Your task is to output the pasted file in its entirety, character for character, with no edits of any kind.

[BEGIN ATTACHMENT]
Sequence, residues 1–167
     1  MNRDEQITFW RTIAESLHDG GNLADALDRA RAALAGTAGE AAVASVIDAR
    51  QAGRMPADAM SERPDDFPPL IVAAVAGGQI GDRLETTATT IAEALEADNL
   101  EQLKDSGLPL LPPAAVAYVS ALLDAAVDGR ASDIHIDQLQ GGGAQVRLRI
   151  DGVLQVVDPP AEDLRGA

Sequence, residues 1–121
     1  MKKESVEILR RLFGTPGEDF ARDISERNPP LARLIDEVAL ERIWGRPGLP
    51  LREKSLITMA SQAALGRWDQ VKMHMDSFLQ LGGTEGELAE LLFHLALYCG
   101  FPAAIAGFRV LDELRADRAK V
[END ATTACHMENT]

Sequence, residues 1–167
     1  MNRDEQITFW RTIAESLHDG GNLADALDRA RAALAGTAGE AAVASVIDAR
    51  QAGRMPADAM SERPDDFPPL IVAAVAGGQI GDRLETTATT IAEALEADNL
   101  EQLKDSGLPL LPPAAVAYVS ALLDAAVDGR ASDIHIDQLQ GGGAQVRLRI
   151  DGVLQVVDPP AEDLRGA

Sequence, residues 1–121
     1  MKKESVEILR RLFGTPGEDF ARDISERNPP LARLIDEVAL ERIWGRPGLP
    51  LREKSLITMA SQAALGRWDQ VKMHMDSFLQ LGGTEGELAE LLFHLALYCG
   101  FPAAIAGFRV LDELRADRAK V